July 10th, 2020

What Is Substance Use Disorder?

A first-person photograph of a person submerged under water, reaching up for the surface — a metaphor for substance use disorder.

Substance use disorder is a disease that impacts a person’s ability to control their use of a drug. This includes legal and illegal drugs — medications, marijuana, nicotine, alcohol, and so on. A person experiencing substance use disorder may be unable to complete daily tasks, could cause harm to others, and may potentially get into legal trouble over their behavior.

Drug use has been on the rise, and substance use disorder is a common disease that impacts millions of Americans each year. According to the 2018 National Survey on Drug Use and Health, just over 8% of all US adults had a substance use disorder, accounting for 18.7 million individuals.

Substance use itself may not be a problem, but if it begins to affect an individual’s health or ability to function in life, that person may have a substance use disorder. Note that, while the term “substance use disorder” is often used interchangeably with “substance abuse,” “dependence,” or “addiction,” there are distinctions between these concepts.

Given the above statistics, it’s important to understand the nature of this disease. This guide will provide the diagnostic criteria for substance use disorder so that readers can see these differences clearly and understand the ramifications it can have on a person’s life.

Substance use disorder criteria

In order for a doctor to diagnose a case of substance use disorder, the patient’s condition must meet certain criteria. These are laid out in the Diagnostic and Statistical Manual of Mental Disorders, Fifth Edition (DSM-5). This manual recognizes substance use disorders that involve the following classes of drugs:

Alcohol Opioids
Caffeine Sedatives
Cannabis Hypnotics
Hallucinogens Stimulants
Inhalants Tobacco

If an individual is struggling with moderating their use of any of the above substances, they may fall into the criteria for substance use disorder. These criteria are outlined in the DSM-5, which includes:

  • Experiencing persistent cravings to use the substance
  • Having a desire to reduce substance use, but being unable to do so.
  • Exhibiting withdrawal symptoms
  • Developing a tolerance for the substance, requiring more and more of it over time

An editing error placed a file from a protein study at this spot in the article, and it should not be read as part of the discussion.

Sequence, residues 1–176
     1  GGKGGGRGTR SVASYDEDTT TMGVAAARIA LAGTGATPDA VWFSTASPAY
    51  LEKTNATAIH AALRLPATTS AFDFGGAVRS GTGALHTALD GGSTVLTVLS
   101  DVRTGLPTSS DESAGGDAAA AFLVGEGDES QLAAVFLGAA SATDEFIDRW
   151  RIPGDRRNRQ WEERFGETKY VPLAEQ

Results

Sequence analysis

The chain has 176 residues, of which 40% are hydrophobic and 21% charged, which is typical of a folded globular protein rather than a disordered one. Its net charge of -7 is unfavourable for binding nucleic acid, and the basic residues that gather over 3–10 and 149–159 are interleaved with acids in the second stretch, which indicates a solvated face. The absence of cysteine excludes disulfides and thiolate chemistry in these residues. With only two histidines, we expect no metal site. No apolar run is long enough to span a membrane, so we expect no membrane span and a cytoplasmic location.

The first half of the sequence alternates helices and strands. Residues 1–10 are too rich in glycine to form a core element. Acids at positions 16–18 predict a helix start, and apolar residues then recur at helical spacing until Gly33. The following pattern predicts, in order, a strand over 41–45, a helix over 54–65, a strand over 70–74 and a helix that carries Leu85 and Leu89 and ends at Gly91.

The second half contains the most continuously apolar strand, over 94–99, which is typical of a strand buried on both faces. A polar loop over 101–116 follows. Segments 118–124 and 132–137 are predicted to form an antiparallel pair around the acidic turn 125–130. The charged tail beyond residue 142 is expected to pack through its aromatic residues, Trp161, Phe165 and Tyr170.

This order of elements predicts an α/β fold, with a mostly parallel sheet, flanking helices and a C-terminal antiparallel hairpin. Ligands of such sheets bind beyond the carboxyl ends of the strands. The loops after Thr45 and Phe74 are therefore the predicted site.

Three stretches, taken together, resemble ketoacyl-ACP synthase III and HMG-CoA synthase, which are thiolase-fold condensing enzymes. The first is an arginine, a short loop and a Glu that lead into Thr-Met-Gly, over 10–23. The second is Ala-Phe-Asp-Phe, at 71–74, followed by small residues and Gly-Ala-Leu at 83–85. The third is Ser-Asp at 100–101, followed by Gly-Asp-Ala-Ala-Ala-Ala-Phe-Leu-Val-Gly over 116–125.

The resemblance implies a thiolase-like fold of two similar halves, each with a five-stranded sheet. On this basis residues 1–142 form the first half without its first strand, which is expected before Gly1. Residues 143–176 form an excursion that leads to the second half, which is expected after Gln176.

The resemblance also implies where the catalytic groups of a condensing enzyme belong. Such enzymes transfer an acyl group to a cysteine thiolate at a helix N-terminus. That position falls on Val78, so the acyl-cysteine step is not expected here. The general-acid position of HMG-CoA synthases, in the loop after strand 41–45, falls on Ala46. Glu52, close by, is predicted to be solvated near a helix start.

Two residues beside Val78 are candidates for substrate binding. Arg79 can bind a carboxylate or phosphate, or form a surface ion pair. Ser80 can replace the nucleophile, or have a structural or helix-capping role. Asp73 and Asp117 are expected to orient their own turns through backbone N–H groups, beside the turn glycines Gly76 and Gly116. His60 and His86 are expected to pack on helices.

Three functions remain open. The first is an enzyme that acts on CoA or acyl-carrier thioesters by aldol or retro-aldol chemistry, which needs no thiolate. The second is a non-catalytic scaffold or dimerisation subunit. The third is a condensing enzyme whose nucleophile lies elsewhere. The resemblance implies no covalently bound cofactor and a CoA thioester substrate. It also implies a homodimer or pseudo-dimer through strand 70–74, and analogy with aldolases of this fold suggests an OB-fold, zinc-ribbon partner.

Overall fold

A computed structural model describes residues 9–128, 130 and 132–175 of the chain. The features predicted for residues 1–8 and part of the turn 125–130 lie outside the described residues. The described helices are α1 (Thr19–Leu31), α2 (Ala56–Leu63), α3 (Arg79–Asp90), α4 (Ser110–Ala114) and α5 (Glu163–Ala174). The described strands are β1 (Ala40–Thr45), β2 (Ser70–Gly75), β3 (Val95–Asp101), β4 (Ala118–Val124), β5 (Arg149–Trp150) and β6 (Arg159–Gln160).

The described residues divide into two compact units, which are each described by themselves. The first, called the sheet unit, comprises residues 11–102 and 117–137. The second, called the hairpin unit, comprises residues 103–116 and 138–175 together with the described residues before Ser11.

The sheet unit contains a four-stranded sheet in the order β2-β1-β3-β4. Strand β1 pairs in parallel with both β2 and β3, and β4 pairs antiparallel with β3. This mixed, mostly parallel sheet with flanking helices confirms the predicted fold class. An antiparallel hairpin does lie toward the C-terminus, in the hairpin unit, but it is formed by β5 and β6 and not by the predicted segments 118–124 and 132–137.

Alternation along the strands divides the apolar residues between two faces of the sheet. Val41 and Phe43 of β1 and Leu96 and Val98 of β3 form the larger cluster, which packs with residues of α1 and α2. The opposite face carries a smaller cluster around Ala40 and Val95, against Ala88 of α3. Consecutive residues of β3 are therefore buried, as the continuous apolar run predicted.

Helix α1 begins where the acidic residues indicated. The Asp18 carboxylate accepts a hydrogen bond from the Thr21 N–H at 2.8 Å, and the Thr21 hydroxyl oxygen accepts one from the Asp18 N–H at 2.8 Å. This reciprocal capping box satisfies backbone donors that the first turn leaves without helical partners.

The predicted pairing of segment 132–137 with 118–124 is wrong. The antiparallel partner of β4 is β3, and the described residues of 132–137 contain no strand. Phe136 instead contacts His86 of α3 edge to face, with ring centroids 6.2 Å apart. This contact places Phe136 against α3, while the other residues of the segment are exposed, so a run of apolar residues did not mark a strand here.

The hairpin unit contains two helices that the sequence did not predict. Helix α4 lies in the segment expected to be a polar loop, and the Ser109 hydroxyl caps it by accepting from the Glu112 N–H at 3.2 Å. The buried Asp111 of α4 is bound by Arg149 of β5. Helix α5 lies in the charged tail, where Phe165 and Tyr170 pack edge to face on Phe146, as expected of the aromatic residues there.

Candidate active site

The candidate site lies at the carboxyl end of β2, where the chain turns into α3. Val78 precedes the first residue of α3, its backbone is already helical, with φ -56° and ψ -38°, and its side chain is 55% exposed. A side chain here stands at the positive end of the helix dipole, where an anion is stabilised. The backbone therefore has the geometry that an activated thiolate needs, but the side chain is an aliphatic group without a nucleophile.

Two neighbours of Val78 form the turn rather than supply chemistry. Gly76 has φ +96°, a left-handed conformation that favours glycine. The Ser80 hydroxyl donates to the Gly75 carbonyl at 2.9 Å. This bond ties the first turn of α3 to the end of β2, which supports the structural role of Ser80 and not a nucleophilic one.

• Spending an excessive amount of time procuring, using, and recovering from the use of the substance
  • Taking the substance for longer (or in larger amounts) than intended
  • Being unable to meet work-, home-, or school-related obligations due to substance use
  • Continuing to use after being made aware of existing physical/psychological conditions that are being worsened by the substance

Depending on the number of criteria that an individual meets, their condition may be classified as mild, moderate, or severe substance use disorder. The severity of the diagnosis may impact the specifics of their treatment plan.

The exact cause of substance use disorder is not yet known, and research on what causes drug and alcohol addiction is ongoing. However, some major contributors to developing a substance use disorder, including individual and environmental factors, have been identified:

  • A history of addiction in the family, which may indicate a genetic disposition to substance use disorder
  • A dysfunctional caregiving environment during childhood
  • Existing mental illnesses, such as anxiety disorders, depression, or bipolar disorder
  • Existing physical conditions that cause chronic pain
  • Severe sources of stress, such as the loss of a loved one, relationship problems, or financial difficulties
  • Social pressures to engage in substance misuse from friends, family, social media (particularly for teens), and more

Substance use disorder symptoms

The symptoms of substance use disorder can vary greatly depending on the substance being used. For example, withdrawal from alcohol looks and feels different from withdrawal from marijuana. However, there are some symptoms that occur in most cases of substance use disorder:

  • A decrease in performance or attendance at work or school
  • Using the substance in risky situations, such as while driving
  • Experiencing sudden mood swings or changes in personality
  • Unexplained deterioration of physical appearance
  • Impaired coordination or slurred speech